Bob Glauber has been Newsday's national football columnist since 1992. He was Newsday's football writer covering the Jets
Rex Ryan circled the MetLife Stadium field one last time this season, one final victory lap to thank Jets fans for their support and celebrate a home win, this one a 24-13 decision over the Browns.
Now the question is this: Was it the last time he'll get the chance to do that as Jets coach?
It's the question that will hover over the franchise until his situation is resolved one way or another. But until it is answered definitively by owner Woody Johnson and first-year general manager John Idzik, Ryan is left with one more game to show he deserves to coach into next season and beyond.
My gut feeling is that a change will be made, that Idzik -- even though he no doubt is impressed by the way Ryan has squeezed seven wins out of a team that few expected to win more than three or four -- will turn the page and hire his own guy.
History reminds us that's the way it has worked in most other cases, as other incumbent coaches working for new GMs can attest. Lovie Smith in Chicago, Eric Mangini in Cleveland and Mike Sherman in Green Bay are three of the latest examples.
And don't underestimate the Jets' own history with these things. When Johnson replaced GM Terry Bradway with Mike Tannenbaum in 2006, it was the same year he hired a new coach, as Eric Mangini replaced Herman Edwards. Mangini was a much cheaper alternative to Edwards, who had run his course here and essentially was traded to the Chiefs for a fourth-round draft pick.
If Johnson were to keep Ryan, it would mean an almost certain contract extension, which would be significantly more expensive than hiring a new coach.
From Idzik's perspective, he has to be sold that Ryan can steer the team well into the future after three straight seasons in which the Jets failed to make the playoffs. Ryan certainly is a competent defensive coach, but it might come down to whether Idzik thinks his offense can make important strides moving forward with Ryan overseeing the situation.
Ryan has struggled in that area, although current offensive coordinator Marty Mornhinweg has been a major upgrade over Tony Sparano, who lasted one season. But what if Mornhinweg were to leave and Ryan would be left to hire another offensive play-caller? That type of uncertainty might prompt Idzik to want a head coach with a background on offense, which is understandable.
Neither Idzik nor Johnson has offered a clue about what comes next. Idzik has remained tight-lipped about Ryan's future all season, and Johnson declined to address Ryan's situation after Sunday's win.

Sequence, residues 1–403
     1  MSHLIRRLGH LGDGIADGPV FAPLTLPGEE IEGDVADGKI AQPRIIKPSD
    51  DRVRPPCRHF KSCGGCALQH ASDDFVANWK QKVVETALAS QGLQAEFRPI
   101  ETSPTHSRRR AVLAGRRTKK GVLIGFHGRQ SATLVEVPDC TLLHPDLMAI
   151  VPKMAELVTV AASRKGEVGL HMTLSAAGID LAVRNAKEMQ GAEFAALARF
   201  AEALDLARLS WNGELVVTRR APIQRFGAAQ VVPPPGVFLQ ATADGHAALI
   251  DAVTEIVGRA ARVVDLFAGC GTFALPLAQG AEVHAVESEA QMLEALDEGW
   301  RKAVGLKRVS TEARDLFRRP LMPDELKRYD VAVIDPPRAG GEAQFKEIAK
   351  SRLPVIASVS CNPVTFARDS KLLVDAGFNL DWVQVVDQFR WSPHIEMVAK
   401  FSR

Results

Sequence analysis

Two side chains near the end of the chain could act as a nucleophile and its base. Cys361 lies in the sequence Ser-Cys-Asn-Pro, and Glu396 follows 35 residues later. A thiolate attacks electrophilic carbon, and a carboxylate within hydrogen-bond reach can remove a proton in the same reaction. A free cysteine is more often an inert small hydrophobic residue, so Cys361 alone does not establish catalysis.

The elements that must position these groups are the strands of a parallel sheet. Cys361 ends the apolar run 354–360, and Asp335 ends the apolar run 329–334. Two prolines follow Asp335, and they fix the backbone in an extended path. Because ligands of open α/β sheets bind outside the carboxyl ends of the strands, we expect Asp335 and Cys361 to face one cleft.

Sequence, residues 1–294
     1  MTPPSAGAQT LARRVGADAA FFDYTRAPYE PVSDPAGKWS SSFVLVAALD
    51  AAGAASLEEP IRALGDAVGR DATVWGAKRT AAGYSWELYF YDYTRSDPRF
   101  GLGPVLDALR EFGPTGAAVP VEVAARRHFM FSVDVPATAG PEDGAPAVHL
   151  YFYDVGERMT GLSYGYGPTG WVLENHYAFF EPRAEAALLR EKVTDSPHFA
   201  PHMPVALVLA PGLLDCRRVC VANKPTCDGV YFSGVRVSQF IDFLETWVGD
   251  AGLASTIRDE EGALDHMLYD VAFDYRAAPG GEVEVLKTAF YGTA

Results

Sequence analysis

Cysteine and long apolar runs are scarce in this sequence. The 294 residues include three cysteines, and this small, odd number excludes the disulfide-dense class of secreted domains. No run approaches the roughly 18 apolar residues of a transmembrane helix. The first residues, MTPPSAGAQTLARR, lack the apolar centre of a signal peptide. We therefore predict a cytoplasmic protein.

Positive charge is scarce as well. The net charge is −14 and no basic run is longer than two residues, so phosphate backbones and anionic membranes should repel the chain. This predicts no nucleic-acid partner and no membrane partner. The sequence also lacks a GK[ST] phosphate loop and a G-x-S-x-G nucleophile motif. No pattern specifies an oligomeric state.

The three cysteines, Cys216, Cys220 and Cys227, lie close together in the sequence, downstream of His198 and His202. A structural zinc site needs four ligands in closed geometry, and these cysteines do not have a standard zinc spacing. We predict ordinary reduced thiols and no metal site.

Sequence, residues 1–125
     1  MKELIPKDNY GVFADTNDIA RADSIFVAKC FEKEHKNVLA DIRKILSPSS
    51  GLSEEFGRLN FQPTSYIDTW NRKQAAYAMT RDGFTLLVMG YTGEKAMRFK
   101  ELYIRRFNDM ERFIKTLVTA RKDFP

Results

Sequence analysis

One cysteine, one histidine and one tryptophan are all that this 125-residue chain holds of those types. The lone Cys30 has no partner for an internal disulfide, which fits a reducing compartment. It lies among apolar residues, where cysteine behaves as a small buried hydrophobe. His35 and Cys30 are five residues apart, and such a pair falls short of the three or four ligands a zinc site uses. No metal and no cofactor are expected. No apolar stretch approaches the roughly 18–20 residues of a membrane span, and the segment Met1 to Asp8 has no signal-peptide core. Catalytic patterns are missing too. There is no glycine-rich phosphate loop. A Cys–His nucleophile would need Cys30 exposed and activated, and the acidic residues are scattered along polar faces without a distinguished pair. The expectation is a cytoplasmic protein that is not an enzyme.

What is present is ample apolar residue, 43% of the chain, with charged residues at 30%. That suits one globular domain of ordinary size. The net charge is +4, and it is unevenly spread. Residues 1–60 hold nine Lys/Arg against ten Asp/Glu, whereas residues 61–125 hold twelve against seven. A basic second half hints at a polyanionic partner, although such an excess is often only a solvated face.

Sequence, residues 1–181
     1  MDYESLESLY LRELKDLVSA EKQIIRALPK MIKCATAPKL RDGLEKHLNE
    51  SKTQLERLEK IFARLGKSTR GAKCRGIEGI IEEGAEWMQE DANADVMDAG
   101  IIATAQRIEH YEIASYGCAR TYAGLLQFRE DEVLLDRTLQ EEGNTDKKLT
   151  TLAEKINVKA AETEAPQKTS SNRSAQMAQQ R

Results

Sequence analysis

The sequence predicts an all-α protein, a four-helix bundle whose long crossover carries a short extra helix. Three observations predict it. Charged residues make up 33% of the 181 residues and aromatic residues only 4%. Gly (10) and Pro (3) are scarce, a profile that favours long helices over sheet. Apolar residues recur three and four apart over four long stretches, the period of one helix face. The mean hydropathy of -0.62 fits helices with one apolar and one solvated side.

"We're not saying anything about coaches or players regarding contracts,'' Johnson said. He also declined to address a report on Fox Sports Sunday that Ryan -- in a team meeting Saturday night -- told his players that "word on the street'' is that he'll be fired after the season. Ryan also declined to address the report.
One player said before the game that Ryan addressed the uncertainty of everyone's future, not just his own. The player said Ryan did not indicate whether he thinks he is gone after the season.
"The only thing we have is this game and then after that, the Miami game,'' the player said of Ryan's comments. "Play for the guy next to you and know that these two games are huge, because it's the only thing we have. After these two games, we can't control anything. But this we can control.''
Whatever decision Johnson and Idzik do make, this much is certain: Ryan is absolutely beloved in the Jets' locker room, and if he's fired, the next man up will have some big shoes to fill to create the sense of loyalty Ryan has built among his players.
If the decision-makers asked the players whether they'd bring Ryan back, the answer would be unanimous.
"A thousand percent yes,'' linebacker Calvin Pace said. "A thousand percent.''
"Definitely want him to come back,'' cornerback Antonio Cromartie said. "He's a great coach, a coach that's going to go to bat for his players day in and day out. He's the right guy for this job.''
Cromartie wishes things were different. "We wouldn't be having this discussion right now about Rex if it weren't for those games we should have won,'' he said. "Games we weren't supposed to be in that we should have won.''
But at least one player understands that this isn't about loyalty among his players, or about how much they love their coach.
"It's hard to say it's not distracting at times, because I love the guy so much,'' guard Willie Colon said. "But at the same time, it's a business. I love Rex and I'll be the first one to stand on the block and cry for him and want him back. But those things are just out of your control.''
Only Johnson and Idzik know for sure, and they're not saying.
Ryan has made his case about as well as you could ask for a coach with a rebuilding team and a rookie quarterback.
He hopes it's enough to give him another shot at more victory laps around MetLife Stadium. But he knows that decision no longer is in his control.